But other than that he [Buddy Holly] just did one session. He did one Early in the Morning — and that was a rush cover job. Joe B. [Mauldin] and I had gone back to Texas and he was covering Bobby Darin or some deal.

But that’s the only two I didn’t play on that I know of.

SKF: Did they use a drummer on the [New York Buddy Holly] string dates?

JA: Oh yeah, there was a drummer. It was just really a written out part. I don’t remember who the guy was. The sax part was really good. I can’t remember who the sax player was.

SKF: Did you do the Nashville sessions with the real country sounding stuff?

JA: Well, I was in high school when Buddy got the first deal. But, I played on some of those. He did three Nashville sessions and I did one of them. I think it happened in the summertime where I wasn’t in school. We did That’ll Be The Day and Ting-A-Ling and a couple of more tunes.

SKF: Did Buddy have the tunes completed himself? Or were they a group effort?

JA: Well, Buddy and I wrote That’ll Be The Day. So it was definitely a group effort. We wrote a lot of songs together because he was just getting into rock ‘n roll himself. And we went to school together too. Just hung out, learning together. Getting a lot of ideas.

And I played with a few country bands in Texas. Just around joints. But, it would be second groceries. Like, while I was still in high school I was doing that for spending money. That’s all it was. We’d split the door or something.

SKF: The band [Buddy Holly and the Crickets] was great. And, like on Well, All Right, you’re just playing the cymbal. But that was perfect.

JA: Well, shit, thanks, Scott. I appreciate it.

SKF: Most drummers might try to play as much as they could.

JA: We always tried to keep everything relatively simple. That was part of the plan. I have run across a lot of drummers in the 25 or 30 years — however long it’s been — and they play every lick they know. And a lot of them, they play so much you can’t even pick it up on a recorder. It’s all blurred. I always liked to kind of keep it pretty simple. Besides that, you don’t have to practice as much.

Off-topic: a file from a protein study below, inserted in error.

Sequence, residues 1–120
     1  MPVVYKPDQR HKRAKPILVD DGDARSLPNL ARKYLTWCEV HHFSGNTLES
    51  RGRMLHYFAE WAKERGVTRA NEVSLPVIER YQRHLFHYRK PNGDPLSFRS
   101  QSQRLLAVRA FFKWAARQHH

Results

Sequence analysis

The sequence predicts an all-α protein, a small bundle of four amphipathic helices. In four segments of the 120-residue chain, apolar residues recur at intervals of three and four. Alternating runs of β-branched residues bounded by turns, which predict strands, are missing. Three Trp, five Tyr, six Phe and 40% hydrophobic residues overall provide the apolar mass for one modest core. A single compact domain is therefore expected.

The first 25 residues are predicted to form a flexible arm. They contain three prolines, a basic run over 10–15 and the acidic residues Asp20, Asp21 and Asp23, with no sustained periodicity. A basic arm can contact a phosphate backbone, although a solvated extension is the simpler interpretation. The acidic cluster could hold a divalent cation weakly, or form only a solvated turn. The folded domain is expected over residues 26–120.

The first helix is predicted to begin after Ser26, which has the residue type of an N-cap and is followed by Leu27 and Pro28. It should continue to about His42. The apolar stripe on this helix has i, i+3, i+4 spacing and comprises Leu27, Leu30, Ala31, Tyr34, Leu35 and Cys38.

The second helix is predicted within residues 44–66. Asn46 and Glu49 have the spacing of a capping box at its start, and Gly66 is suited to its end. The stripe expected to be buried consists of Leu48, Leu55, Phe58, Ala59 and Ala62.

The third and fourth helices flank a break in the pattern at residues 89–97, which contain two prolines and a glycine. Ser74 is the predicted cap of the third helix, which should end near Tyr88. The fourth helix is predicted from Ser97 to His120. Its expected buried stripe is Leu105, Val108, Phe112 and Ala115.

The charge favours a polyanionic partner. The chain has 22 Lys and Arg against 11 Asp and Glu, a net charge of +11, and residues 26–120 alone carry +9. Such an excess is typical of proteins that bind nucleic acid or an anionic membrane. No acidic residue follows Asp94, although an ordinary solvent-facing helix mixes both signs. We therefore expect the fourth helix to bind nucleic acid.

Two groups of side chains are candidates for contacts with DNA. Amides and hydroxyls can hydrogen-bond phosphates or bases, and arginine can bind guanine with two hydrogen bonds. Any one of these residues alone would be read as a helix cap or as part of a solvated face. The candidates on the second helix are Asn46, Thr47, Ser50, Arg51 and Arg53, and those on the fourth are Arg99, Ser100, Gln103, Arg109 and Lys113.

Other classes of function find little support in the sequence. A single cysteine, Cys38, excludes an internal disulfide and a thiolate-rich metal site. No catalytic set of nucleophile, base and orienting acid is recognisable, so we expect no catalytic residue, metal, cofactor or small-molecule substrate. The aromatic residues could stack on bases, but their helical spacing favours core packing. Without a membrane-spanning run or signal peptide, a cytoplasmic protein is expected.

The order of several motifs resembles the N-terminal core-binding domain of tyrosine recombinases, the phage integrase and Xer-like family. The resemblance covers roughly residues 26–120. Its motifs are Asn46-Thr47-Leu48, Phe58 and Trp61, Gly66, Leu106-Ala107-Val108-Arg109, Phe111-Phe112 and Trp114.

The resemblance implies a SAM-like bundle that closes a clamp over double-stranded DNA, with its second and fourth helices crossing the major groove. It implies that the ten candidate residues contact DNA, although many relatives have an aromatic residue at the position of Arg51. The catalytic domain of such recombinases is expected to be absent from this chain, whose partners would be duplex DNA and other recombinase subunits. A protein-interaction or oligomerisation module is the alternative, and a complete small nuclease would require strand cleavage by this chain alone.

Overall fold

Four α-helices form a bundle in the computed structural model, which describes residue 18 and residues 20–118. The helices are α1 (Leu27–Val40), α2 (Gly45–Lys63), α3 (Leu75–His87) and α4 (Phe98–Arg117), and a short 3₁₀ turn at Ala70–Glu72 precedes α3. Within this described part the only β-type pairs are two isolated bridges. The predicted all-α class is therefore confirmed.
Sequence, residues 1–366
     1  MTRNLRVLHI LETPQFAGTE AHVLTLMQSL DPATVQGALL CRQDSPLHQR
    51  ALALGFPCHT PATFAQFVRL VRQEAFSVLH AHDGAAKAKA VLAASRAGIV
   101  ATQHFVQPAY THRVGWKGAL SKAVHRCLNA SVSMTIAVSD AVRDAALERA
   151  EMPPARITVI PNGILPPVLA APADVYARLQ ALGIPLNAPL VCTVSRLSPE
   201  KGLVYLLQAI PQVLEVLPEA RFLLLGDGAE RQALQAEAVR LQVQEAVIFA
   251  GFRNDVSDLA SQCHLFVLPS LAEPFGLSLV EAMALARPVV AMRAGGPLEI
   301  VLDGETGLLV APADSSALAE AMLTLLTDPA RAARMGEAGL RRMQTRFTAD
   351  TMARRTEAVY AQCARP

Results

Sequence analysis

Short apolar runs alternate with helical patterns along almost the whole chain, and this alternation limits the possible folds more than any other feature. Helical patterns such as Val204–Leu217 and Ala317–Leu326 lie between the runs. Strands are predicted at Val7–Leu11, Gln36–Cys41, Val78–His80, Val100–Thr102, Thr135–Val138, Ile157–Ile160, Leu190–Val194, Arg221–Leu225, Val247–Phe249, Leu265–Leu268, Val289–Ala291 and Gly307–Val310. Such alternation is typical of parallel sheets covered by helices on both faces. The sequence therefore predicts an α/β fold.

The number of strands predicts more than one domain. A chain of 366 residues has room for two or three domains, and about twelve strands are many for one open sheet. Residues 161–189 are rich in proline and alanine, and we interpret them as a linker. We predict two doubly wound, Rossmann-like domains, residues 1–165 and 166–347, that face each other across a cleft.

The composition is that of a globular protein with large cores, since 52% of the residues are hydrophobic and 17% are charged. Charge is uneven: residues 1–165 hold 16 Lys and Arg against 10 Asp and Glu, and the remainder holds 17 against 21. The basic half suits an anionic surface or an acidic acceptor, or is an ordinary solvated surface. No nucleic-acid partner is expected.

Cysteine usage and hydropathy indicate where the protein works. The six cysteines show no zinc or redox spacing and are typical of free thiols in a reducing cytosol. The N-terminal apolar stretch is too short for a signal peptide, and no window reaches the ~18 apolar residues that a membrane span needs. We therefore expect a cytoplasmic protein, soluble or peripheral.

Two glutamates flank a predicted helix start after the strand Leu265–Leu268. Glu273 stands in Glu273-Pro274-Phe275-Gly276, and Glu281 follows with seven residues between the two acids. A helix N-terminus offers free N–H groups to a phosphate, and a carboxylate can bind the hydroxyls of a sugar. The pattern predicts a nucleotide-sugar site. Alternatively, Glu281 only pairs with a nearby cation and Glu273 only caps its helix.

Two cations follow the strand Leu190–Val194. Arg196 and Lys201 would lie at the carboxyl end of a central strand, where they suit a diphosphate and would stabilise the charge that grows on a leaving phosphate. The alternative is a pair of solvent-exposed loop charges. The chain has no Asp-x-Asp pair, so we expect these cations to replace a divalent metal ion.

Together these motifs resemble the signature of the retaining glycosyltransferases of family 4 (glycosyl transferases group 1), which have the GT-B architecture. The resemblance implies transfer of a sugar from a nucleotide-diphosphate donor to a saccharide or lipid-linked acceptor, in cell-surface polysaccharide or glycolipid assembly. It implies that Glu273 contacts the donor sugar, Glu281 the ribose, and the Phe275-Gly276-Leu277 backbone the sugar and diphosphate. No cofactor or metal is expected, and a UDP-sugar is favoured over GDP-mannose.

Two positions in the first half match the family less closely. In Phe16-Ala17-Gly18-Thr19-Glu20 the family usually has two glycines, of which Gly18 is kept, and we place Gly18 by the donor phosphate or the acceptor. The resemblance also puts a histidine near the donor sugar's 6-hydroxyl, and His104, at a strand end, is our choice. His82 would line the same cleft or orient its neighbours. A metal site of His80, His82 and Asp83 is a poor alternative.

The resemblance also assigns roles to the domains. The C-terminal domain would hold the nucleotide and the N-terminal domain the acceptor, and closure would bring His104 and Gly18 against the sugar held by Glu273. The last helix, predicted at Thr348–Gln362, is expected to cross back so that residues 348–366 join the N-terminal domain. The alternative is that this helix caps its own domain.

SKF: You didn’t practice a whole lot after the rudimental stuff?

JA: No. After that I sort of figured, “Well, this is working. I’ll sort of stick with this.”

SKF: Did jazz drummers have an influence on you?

JA: Not really. There use to be a guy named Paul. I can’t remember his last name. He played with Hank Thompson. He was a real good jazz drummer and he and I would sit around and talk about that. [SKF NOTE: It was likely drummer Paul McGee.]

Well, Gene Krupa. I was flipped out with him. He was my era, sort of, when I was a kid. I went and saw him a couple of times in different clubs when we’d cross each other on the road. I was real impressed with all his drum solos and stuff he did. But it wasn’t ever my ambition to be like that.

I never did like drum solos to start in with. I was impressed if someone could play them and come back in on one.

SKF: When you were playing the drum part on Peggy Sue, did anybody ever say, “Hey man! You can’t put in drums like that on a rock ‘n roll song?”

JA: Basically, that was just paradiddles. Just a basic old rudiment.

SKF: But it was unique. Nobody else was doing that. Did anybody ever say, “Hey! What are you doing?”

JA: Nobody ever asked. We just went ahead and did it.

SKF: This has been interesting trying to uncover the drummers’ contributions to rock ‘n roll. Things like, Who was the drummer on Bo Diddley records?

JA: Yeah. I never knew that, actually.

SKF: Clifton James. Did you get your Bo Diddley beat stuff from Bo Diddley?

JA: Oh yeah. For sure. We use to play the shit out of Bo Diddley at dances and all that.

One thing I forgot to mention: I always listened to big band stuff. Like, in the school band — I did quite a few gigs like that — senior proms and that kind of shit — where it would be three saxes and two trumpets, and maybe a couple of trombones, and that sort of thing. Swing band stuff.